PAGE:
The Beatles + BBC 1967

This was for me (and for millions of others) a signature moment of the emerging late 1960s culture – a kind of public, global announcement that pop-music wasn’t anything to do with Tin-Pan Alley or the  establishment Music Business any more. It was 5 or 6 minutes of a cultural-pop-history that carried the hippie Peace message writ large as All You Need is Love. And it definitely wasn’t a corny commercial Eurovision Song Contest song either – it was an anthem for us all, compounded of Lennon’s counter-culture opposition to War (specifically the East-West Cold War, the Vietnam War), George’s Hinduism, the band’s position at the heart of all that was cool (and successful) in British culture, Paul’s musical talent and leanings towards the avant garde, John and Ringo’s sardonic Liverpool dry humour.. And it was supported by the aristocracy of British counter culture – the Stones, Donovan, Marianne Faithful – and George Martin’s full orchestra.. It was several minutes of revelatory bliss. It shouted loud – the message of world peace and love; a several minute commercial of Britain’s ascendancy in style, cool, technology, art, – and being the hippest place to be in the whole world. We loved it.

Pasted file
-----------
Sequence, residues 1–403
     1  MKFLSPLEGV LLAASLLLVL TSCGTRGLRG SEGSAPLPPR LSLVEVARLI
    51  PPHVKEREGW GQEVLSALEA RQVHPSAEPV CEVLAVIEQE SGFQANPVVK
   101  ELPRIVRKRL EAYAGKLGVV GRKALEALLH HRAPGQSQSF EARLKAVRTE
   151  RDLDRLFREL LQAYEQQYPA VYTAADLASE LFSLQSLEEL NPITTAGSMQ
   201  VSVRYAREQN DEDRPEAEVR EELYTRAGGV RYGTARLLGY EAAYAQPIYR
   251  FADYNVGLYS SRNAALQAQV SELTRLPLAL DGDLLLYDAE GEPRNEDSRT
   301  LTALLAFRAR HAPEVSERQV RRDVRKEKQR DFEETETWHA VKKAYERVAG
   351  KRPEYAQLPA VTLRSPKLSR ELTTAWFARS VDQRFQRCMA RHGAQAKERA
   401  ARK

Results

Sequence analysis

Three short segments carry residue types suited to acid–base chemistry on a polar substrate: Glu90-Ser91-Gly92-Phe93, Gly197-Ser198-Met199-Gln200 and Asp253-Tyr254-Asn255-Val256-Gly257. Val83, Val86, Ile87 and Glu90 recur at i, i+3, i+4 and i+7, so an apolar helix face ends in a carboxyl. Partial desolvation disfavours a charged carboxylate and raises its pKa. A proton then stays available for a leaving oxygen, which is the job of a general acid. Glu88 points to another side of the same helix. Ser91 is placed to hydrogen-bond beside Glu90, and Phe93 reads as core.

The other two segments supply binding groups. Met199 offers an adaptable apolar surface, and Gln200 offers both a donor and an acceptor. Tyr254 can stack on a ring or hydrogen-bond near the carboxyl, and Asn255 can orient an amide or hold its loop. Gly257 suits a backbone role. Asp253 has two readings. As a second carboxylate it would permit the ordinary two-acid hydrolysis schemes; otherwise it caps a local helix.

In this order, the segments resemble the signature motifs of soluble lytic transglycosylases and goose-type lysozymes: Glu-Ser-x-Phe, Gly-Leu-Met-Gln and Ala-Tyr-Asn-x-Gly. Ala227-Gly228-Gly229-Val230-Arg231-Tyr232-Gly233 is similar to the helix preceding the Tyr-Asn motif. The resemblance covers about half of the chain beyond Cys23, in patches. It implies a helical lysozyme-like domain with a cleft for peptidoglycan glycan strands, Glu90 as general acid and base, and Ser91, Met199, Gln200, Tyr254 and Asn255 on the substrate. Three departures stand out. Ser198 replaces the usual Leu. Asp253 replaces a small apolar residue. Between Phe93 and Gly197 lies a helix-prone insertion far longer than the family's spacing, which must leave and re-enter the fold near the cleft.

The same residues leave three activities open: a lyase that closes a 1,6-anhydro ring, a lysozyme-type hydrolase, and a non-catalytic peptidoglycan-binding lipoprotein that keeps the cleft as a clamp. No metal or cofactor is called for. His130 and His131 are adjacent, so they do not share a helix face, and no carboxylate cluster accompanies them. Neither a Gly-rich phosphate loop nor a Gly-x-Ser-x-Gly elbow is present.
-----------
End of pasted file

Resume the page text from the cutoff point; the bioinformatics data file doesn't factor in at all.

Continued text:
And my generation were  lucky enough to have a reprise of this fabulous feeling (amplified by the massive charity donations (£100 million!) raised for Ethopia) some 20 years or so later in Bob Geldof’s Live Aid concert (1986). So, twice in a lifetime, we were able to harness music creative talent, world-around communications and broadcasting media, and combine them into a message that as Barry Miles put it in 1967 (paraphrased from Plato): When the Mode of the Music Changes, the Walls of the City Shake. We hoped and believed…



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